Subordinate officers, when asked about the condition of their soldiers, were not backward in speaking of the need of shoes and other clothing, and of the decimated condition of many of the regiments resulting from the diseases and hard campaigning of the Chickahominy swamps scarcely less from the numerous battles in which they had taken a noble part. The fact that a campaign or a battle had been badly conducted and was disastrous was neither proof that the troops had not done their duty nor that their losses had not been great. President Lincoln expressed in the most kindly and feeling way his sympathy with the rank and file of the army. There was a gentle and serious expression of countenance which seemed to comport with his known character for truth and serenity of heart.

Nearly two years elapsed when I had another interview with Abraham Lincoln which it is the purpose of

this paper to mention. The writer had been transferred to the Western department, and had taken part in the Atlanta campaign and in Sherman's famous "March to the Sea." On the first day of January, 1865, he had left Savannah to go via steamship to New York, and thence by rail to Washington with official dispatches. Sherman had sent his unique telegram to the President on Christmas eve announcing as a Christmas present the capture of Savannah. Owing to the fact that the railroads had been destroyed this dispatch had been sent by special steamer to Fortress Monroe and thence by telegraph to Washington. But President Lincoln had not yet seen any person who had marched through Georgia with Sherman.

It was early in the day when my card was given to the messenger in the ante-room of the White House. He shook his head and pointed to the crowds in waiting, filling the ante-room and thronging even the lower hall and the stairway. He called my attention to the fact that there were congressmen of the number who were supposed to have precedence in calling upon the President. Nevertheless, I requested him to give the President the card which indicated that I had dispatches from Sherman's army. The messenger returned within a few minutes and invited me in. First, we entered a room occupied by the President's secretaries, and there I saw one or two senators in waiting, and passing through this room I was ushered into a smaller room, where I saw President Lincoln standing at a glass shaving himself. He paused a moment, came to me with a droll look, heightened no doubt by the half-lathered, half-shaved face, gave me his hand, and asked me to take a seat on the sofa, saying, as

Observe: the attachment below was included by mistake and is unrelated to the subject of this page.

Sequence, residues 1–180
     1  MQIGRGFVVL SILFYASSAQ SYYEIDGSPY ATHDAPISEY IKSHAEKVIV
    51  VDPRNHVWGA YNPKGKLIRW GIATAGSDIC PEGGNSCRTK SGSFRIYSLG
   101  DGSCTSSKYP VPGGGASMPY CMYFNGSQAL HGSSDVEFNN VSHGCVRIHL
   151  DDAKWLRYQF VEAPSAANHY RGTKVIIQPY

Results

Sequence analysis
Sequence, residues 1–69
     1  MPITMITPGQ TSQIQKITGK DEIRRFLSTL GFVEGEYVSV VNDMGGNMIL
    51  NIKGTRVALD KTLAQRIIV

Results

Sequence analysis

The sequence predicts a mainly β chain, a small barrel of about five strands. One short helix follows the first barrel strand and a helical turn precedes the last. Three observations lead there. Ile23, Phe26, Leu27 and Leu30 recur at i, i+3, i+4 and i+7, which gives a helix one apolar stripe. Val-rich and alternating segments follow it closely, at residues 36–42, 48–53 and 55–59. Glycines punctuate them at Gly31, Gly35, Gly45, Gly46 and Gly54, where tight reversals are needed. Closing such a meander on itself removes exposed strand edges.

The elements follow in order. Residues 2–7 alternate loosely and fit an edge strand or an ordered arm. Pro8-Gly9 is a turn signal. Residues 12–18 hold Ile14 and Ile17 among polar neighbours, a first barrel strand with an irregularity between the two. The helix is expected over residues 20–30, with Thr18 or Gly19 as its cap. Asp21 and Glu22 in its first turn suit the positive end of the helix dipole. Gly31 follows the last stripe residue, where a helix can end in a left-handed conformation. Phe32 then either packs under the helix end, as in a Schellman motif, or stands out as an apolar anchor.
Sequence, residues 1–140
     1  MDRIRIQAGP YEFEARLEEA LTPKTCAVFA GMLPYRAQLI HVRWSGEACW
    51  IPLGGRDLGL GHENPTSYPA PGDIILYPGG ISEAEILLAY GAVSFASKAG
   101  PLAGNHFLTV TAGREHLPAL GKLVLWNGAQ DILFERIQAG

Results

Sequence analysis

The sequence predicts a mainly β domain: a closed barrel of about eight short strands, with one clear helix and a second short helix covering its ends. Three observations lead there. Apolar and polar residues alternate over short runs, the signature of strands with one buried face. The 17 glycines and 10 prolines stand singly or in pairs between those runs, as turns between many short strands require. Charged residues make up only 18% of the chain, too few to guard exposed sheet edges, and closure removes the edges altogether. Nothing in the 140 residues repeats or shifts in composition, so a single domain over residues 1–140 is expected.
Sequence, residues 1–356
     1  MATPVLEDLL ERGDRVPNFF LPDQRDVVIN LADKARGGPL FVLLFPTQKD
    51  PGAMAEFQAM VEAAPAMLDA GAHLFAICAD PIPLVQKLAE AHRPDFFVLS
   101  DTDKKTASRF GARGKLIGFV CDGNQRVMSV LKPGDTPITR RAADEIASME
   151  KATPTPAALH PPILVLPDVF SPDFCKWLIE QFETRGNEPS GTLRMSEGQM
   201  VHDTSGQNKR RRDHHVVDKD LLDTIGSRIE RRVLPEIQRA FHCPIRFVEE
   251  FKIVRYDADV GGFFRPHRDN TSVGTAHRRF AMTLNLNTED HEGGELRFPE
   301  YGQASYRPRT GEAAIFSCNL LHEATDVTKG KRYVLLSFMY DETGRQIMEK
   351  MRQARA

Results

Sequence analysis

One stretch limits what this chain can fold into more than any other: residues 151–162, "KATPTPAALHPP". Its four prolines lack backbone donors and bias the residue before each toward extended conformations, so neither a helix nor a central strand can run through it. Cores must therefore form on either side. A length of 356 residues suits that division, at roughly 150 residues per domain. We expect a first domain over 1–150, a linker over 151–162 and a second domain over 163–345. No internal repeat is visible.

he returned to the mirror, that he could not even wait till he had finished shaving when an officer from Sherman's army had come. Of course the youthful staff officer was somewhat abashed in coming into the presence of the President of the United States, his commander-inchief, and the now world-renowned Abraham Lincoln. But the President's frank and cordial manner when, on the completion of his toilet, he came and took the right hand of his visitor between both of his large hands and then sat down beside him on the sofa, immediately put him at his ease. Naturally, the President had many questions to ask concerning the "March to the Sea." It was apparent he had been very anxious, as no doubt had the entire North, during the thirty days or more when nothing was heard from the vanquished army. He was interested to know in detail the daily operations.


Getting at the Pass.Word.

An amusing story is attributed to the late President Lincoln about the Iowa First, and the changes which a certain pass-word underwent about the time of the battle of Springfield.

One of the Dubuque officers, whose duty it was to furnish the guards with a pass-word at night, gave the word "Potomac."

A German on guard, not comprehending distinctly the difference between B's and P's, understood it to be "Bottomic," and this, on being transferred to another, was corrupted into "Buttermilk."

Soon afterward the officer who had given the word wished to return through the lines, and on approaching